A recent Federal Court decision, The Thymes, LLC v. Reitmans (Canada) Limited 2013 FC 127 suggests that in order for a claim of “use and registration abroad” to be valid in a trade-mark application, the Applicant must have used its mark in its country of origin as of the Canadian filing date. This decision is notable for two reasons: first, it incorrectly suggests that the foreign use of the mark must have taken place in the Applicant’s “country of origin”; second, it suggests that in order for such a claim to be valid, the foreign use of the mark must have commenced as of the Canadian filing date, regardless of when the claim is made. Neither the Trade-marks Act, nor the Regulations contain such requirements. Moreover, there is no definitive case law indicating that there must have been use prior to the Canadian filing date. Indeed, the Regulations permit the inclusion of a “use and registration abroad” claim after the filing date, provided the claim is made before the application is advertised in the Trade-marks Journal.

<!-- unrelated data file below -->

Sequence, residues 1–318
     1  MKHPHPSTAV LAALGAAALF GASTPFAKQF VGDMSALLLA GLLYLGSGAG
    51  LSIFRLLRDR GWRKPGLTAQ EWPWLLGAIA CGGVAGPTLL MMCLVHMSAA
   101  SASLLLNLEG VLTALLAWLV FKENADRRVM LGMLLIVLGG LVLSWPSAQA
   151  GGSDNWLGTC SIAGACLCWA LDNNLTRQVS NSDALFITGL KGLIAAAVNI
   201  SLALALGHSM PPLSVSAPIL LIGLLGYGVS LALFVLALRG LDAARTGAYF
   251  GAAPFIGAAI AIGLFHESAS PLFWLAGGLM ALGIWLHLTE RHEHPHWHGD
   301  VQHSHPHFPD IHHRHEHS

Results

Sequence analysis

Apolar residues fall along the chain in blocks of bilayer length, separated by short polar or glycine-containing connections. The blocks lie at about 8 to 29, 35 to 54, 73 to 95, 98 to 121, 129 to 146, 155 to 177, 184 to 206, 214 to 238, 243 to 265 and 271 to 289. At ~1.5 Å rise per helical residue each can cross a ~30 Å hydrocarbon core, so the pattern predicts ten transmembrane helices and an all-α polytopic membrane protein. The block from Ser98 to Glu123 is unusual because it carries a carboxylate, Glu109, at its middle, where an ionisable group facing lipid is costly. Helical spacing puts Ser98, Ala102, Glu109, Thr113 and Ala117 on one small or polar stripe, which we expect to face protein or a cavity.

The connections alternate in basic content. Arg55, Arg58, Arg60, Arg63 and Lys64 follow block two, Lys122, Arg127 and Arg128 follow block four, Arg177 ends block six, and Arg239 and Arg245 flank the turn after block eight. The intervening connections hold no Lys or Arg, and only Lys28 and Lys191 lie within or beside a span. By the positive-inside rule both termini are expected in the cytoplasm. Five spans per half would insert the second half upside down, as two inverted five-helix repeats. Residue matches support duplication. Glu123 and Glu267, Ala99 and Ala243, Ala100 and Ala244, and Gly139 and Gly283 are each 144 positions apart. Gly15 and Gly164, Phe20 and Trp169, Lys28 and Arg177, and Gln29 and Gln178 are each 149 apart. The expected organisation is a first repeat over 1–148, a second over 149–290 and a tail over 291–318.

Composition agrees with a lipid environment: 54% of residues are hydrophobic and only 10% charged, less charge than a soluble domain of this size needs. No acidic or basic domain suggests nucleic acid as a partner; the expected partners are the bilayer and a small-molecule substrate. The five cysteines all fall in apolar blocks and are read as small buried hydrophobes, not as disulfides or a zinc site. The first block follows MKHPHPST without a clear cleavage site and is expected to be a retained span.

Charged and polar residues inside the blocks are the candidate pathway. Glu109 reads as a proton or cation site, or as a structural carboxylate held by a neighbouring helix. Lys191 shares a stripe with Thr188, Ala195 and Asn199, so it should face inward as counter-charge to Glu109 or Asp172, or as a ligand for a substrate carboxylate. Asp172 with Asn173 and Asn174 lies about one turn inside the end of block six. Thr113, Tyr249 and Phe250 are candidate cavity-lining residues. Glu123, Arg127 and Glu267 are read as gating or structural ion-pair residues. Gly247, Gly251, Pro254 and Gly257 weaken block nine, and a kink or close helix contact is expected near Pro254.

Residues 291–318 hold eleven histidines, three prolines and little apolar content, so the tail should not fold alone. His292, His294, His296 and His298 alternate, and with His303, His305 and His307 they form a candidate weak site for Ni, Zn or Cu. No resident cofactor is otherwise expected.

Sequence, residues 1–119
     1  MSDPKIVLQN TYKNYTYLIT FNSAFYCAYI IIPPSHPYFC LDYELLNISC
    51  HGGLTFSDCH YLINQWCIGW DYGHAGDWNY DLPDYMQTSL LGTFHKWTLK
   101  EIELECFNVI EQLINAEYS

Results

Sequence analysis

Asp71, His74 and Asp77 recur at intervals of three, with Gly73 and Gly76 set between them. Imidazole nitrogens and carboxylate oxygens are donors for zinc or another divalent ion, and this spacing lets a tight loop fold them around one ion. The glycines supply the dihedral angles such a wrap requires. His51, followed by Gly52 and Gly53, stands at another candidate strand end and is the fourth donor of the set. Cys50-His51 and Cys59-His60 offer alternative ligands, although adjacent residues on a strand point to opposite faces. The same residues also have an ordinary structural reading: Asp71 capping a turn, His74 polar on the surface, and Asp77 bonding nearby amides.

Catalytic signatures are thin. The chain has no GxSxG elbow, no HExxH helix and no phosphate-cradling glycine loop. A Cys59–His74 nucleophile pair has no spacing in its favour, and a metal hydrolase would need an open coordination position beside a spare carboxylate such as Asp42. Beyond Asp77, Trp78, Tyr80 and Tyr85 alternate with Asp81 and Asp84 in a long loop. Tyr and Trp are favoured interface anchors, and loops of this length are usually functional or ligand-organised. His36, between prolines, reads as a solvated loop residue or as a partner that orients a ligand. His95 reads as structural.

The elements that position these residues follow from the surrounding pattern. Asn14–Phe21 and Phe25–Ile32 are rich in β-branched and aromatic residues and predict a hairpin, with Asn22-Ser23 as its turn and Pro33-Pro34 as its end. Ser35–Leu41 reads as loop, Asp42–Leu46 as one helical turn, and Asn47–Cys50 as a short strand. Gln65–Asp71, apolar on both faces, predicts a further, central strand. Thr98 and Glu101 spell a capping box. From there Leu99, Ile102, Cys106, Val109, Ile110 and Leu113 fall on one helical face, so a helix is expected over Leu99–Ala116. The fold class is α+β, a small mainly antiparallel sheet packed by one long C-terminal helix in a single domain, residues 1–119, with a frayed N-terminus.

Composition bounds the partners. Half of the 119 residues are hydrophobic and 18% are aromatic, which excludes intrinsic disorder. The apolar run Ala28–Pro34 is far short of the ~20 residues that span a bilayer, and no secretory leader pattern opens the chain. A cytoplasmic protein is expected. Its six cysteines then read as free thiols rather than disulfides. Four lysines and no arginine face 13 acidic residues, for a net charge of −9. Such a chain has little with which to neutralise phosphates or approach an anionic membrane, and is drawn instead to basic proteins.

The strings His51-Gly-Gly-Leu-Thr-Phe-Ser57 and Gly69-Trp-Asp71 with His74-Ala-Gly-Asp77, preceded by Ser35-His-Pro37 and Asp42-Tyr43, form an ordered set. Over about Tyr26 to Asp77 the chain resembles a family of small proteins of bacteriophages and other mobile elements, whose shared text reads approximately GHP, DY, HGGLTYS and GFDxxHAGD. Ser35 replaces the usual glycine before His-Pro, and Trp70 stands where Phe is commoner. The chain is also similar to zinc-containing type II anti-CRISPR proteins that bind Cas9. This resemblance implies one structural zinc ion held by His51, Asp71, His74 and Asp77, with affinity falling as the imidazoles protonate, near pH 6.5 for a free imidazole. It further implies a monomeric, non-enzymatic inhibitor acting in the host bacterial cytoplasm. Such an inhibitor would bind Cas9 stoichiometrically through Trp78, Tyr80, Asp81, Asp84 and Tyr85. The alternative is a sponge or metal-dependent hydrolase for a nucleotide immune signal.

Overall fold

It has been standard practice to add a claim of “use and registration abroad” as soon as mark has been used in another jurisdiction, even if this use is subsequent to the Canadian filing date. The Thymes decision has now called this practice into question.
Take-away: Until the Thymes decision is clarified, there is a risk that an application which claims “use and registration abroad” may be successfully challenged in opposition proceedings if the foreign use of the mark did not commence as of the Canadian filing date in the Applicant’s country of origin. For this reason, the most prudent approach may now be to include such a claim only if both of these requirements are met.